Back in Spain, Cortez' version of Chocolatl became a favorite of the wealthy and continued to undergo flavor refinements. Newly discovered spices such as cinnamon and vanilla were added to the drink. Finally, someone determined the drink would taste better hot, which quickly won followers among the Spanish aristocracy. Seeing the growing economic potential for cocoa beans, Spain planted more cacao trees overseas in Ecuador, Venezuela, Peru and Jamaica to insure an ample supply of cocoa beans. Remarkably, the Spanish were able to keep their cocoa cultivation and creation of cocoa drinks a secret from the rest of Europe for nearly one hundred years.

The first cocoa processing plant was established in Spain in 1580. In 1615, the Spanish princess Anna of Austria married Louis XIII and introduced, amongst other Spanish customs, the drinking of chocolate to the French court. It did not take long before chocolate was acclaimed throughout Europe as a delicious, health-giving drink. Chocolate drinking spread across the English Channel and to Great Britain, and in 1657 London the first chocolate shop was opened. As other countries challenged Spain's monopoly on cacao, chocolate became more widely available. Soon the French, English, and Dutch were cultivating cacao in their colonies in the Caribbean, and later, elsewhere in the world. With more production came lower prices, and soon the masses in Europe and the Americas were enjoying chocolate. For many people, however, the expanded production of cacao in the New World meant slavery. Cacao production relied heavily on the forced labor of Native Americans and imported African slaves.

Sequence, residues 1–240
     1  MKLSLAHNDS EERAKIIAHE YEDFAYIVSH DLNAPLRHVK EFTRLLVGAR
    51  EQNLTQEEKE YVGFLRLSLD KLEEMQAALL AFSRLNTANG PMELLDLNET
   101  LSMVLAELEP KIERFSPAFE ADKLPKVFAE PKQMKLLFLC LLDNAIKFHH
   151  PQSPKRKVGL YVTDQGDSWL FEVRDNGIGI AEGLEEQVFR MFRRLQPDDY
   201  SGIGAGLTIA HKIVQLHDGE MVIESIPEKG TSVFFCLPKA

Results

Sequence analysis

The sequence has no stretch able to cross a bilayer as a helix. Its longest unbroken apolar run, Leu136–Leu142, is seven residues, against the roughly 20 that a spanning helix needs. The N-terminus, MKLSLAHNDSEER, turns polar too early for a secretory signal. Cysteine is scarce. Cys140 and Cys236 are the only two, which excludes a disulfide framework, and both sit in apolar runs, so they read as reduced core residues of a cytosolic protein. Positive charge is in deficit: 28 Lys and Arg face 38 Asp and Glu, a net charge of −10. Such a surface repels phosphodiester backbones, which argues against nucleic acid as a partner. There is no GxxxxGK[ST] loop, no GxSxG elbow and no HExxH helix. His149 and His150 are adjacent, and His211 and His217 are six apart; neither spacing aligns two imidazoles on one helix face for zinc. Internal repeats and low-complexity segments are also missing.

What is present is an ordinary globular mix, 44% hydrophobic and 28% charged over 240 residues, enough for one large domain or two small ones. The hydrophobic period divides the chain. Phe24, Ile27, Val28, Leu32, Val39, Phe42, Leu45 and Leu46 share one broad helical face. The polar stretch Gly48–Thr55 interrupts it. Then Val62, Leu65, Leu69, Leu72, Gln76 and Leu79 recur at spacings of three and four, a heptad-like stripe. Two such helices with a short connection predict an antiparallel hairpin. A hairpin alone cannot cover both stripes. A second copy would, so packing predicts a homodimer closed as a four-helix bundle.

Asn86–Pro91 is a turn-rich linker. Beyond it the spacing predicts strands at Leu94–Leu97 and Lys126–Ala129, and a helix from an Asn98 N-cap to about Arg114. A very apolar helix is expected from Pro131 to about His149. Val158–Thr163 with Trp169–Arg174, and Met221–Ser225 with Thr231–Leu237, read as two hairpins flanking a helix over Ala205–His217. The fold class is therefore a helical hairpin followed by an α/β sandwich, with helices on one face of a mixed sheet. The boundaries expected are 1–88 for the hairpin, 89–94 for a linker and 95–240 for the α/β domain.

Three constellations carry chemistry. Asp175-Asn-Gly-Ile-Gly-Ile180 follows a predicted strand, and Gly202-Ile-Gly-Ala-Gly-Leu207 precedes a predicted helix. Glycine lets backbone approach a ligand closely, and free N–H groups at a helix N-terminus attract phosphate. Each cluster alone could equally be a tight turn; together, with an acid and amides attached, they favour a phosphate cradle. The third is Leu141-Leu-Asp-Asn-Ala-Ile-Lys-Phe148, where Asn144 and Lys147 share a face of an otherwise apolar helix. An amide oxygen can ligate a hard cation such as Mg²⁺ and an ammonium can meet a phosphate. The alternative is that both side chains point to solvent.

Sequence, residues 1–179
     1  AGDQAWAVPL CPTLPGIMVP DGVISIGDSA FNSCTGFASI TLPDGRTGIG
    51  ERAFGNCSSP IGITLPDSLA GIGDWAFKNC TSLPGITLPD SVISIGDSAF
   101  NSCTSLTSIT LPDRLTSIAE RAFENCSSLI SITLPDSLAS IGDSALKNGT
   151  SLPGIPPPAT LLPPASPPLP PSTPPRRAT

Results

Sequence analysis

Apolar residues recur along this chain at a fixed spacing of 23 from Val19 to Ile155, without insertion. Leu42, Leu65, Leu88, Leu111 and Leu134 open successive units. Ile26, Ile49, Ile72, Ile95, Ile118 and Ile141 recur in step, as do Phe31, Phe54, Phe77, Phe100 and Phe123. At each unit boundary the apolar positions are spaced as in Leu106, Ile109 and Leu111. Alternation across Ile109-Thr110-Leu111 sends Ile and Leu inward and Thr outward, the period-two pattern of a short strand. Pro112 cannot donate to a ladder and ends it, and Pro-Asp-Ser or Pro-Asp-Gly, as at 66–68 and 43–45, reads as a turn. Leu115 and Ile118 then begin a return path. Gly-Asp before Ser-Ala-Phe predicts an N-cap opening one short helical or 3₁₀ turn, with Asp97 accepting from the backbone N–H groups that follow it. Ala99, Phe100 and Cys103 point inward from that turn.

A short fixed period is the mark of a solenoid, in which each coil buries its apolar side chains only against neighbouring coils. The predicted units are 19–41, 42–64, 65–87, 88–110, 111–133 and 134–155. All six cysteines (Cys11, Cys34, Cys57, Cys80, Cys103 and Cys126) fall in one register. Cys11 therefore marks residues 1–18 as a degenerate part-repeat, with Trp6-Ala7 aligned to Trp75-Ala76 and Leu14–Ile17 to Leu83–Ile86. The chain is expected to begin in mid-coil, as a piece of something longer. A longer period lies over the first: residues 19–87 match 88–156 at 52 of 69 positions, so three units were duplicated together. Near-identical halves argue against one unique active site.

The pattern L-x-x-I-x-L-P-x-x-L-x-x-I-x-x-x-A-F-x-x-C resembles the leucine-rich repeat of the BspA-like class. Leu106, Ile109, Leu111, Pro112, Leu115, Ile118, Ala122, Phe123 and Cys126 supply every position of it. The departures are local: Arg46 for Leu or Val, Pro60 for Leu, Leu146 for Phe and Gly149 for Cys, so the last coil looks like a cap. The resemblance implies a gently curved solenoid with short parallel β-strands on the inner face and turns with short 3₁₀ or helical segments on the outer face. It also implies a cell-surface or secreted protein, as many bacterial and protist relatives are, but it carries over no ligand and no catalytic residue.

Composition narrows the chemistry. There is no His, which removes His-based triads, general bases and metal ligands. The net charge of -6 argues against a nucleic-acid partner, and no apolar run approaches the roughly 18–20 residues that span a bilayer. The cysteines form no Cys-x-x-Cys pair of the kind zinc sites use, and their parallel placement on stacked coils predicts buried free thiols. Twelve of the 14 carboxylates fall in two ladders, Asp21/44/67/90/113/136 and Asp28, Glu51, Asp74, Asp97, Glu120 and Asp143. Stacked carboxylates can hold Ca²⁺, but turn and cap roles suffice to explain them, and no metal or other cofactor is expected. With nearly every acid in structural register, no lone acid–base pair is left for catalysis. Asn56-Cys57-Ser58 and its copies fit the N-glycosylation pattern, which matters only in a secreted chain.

As cacao became more commonly available, people began experimenting with new ways of using it. But it wasn't until 1828 that the "modern era" of chocolate making and production began. In 1828, Dutch chocolate maker Conrad J. van Houten patented an inexpensive method for pressing the fat from roasted cacao beans. This not only helped reduce prices even further, but more importantly improved the quality of the chocolate by squeezing out about half of the cocoa butter. This created a "cake" that could be pulverized into a fine powder known as "cocoa." From then on, chocolate drinks had more of the smooth consistency and the recognizable flavor of those enjoyed today.

The introduction of cocoa powder not only made creating chocolate drinks much easier, but also made it possible to combine chocolate with sugar and then remix it with cocoa butter to create a solid. The 19th Century saw two revolutionary developments in the history of chocolate. In 1849, English chocolate maker Joseph Storrs Fry combined melted cocoa butter, sugar and cocoa powder to produce what was arguably the world's first eating chocolate. The second development occurred in 1876 in Switzerland when Daniel Peter, a Swiss chocolate manufacturer, had the idea of using milk to make a new kind of chocolate, milk chocolate.

In the U.S., the production of chocolate proceeded more quickly than anywhere else in the world. In 1765, the first chocolate factory was established. During WWII, the U.S. government recognized chocolate's role as nourishment and morale for the Allied Forces. Today, the U.S. Army's Ready to Eat Meal contains chocolate bars and chocolate candies, and chocolate has been taken into space as part of the diet of U.S. astronauts.